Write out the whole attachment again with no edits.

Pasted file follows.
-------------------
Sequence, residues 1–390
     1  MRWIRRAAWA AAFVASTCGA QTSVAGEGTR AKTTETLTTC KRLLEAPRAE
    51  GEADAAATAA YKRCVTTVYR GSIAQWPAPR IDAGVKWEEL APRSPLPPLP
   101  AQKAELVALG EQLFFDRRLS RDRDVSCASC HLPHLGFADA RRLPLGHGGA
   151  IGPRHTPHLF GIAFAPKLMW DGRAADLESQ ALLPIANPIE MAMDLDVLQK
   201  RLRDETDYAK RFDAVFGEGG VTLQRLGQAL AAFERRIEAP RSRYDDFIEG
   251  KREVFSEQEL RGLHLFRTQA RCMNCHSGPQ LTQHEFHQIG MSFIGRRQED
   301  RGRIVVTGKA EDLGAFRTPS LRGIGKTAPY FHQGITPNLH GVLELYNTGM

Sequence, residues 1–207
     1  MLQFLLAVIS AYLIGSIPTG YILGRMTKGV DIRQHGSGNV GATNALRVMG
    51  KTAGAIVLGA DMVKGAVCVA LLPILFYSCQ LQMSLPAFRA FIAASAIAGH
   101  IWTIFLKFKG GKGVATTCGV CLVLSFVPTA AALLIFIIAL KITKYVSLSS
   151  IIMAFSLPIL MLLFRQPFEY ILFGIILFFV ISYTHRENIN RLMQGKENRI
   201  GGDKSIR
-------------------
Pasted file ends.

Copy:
Sequence, residues 1–390
     1  MRWIRRAAWA AAFVASTCGA QTSVAGEGTR AKTTETLTTC KRLLEAPRAE
    51  GEADAAATAA YKRCVTTVYR GSIAQWPAPR IDAGVKWEEL APRSPLPPLP
   101  AQKAELVALG EQLFFDRRLS RDRDVSCASC HLPHLGFADA RRLPLGHGGA
   151  IGPRHTPHLF GIAFAPKLMW DGRAADLESQ ALLPIANPIE MAMDLDVLQK
   201  RLRDETDYAK RFDAVFGEGG VTLQRLGQAL AAFERRIEAP RSRYDDFIEG
   251  KREVFSEQEL RGLHLFRTQA RCMNCHSGPQ LTQHEFHQIG MSFIGRRQED
   301  RGRIVVTGKA EDLGAFRTPS LRGIGKTAPY FHQGITPNLH GVLELYNTGM

Sequence, residues 1–207
     1  MLQFLLAVIS AYLIGSIPTG YILGRMTKGV DIRQHGSGNV GATNALRVMG
    51  KTAGAIVLGA DMVKGAVCVA LLPILFYSCQ LQMSLPAFRA FIAASAIAGH
   101  IWTIFLKFKG GKGVATTCGV CLVLSFVPTA AALLIFIIAL KITKYVSLSS
   151  IIMAFSLPIL MLLFRQPFEY ILFGIILFFV ISYTHRENIN RLMQGKENRI
   201  GGDKSIR